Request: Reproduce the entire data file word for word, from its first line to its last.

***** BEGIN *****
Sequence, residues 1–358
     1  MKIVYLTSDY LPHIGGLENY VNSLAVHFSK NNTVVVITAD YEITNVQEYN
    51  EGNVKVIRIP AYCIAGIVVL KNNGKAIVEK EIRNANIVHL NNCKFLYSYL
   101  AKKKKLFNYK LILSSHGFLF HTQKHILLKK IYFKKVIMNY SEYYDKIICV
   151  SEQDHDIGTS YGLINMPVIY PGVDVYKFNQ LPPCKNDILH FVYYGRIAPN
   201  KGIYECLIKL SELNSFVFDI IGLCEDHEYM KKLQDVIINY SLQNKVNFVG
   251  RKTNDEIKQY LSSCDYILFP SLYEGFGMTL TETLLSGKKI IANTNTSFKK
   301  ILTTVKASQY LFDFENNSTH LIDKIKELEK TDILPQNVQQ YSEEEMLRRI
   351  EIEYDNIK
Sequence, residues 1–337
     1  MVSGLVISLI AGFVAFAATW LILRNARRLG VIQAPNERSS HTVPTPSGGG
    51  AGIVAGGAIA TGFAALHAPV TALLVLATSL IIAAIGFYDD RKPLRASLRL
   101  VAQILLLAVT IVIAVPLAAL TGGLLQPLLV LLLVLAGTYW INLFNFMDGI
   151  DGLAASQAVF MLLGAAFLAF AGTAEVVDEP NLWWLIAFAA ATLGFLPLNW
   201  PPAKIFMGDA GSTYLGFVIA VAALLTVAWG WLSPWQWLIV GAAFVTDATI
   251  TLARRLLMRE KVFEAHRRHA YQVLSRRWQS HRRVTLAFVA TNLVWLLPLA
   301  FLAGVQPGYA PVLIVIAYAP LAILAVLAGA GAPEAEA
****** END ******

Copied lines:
Sequence, residues 1–358
     1  MKIVYLTSDY LPHIGGLENY VNSLAVHFSK NNTVVVITAD YEITNVQEYN
    51  EGNVKVIRIP AYCIAGIVVL KNNGKAIVEK EIRNANIVHL NNCKFLYSYL
   101  AKKKKLFNYK LILSSHGFLF HTQKHILLKK IYFKKVIMNY SEYYDKIICV
   151  SEQDHDIGTS YGLINMPVIY PGVDVYKFNQ LPPCKNDILH FVYYGRIAPN
   201  KGIYECLIKL SELNSFVFDI IGLCEDHEYM KKLQDVIINY SLQNKVNFVG
   251  RKTNDEIKQY LSSCDYILFP SLYEGFGMTL TETLLSGKKI IANTNTSFKK
   301  ILTTVKASQY LFDFENNSTH LIDKIKELEK TDILPQNVQQ YSEEEMLRRI
   351  EIEYDNIK
Sequence, residues 1–337
     1  MVSGLVISLI AGFVAFAATW LILRNARRLG VIQAPNERSS HTVPTPSGGG
    51  AGIVAGGAIA TGFAALHAPV TALLVLATSL IIAAIGFYDD RKPLRASLRL
   101  VAQILLLAVT IVIAVPLAAL TGGLLQPLLV LLLVLAGTYW INLFNFMDGI
   151  DGLAASQAVF MLLGAAFLAF AGTAEVVDEP NLWWLIAFAA ATLGFLPLNW
   201  PPAKIFMGDA GSTYLGFVIA VAALLTVAWG WLSPWQWLIV GAAFVTDATI
   251  TLARRLLMRE KVFEAHRRHA YQVLSRRWQS HRRVTLAFVA TNLVWLLPLA
   301  FLAGVQPGYA PVLIVIAYAP LAILAVLAGA GAPEAEA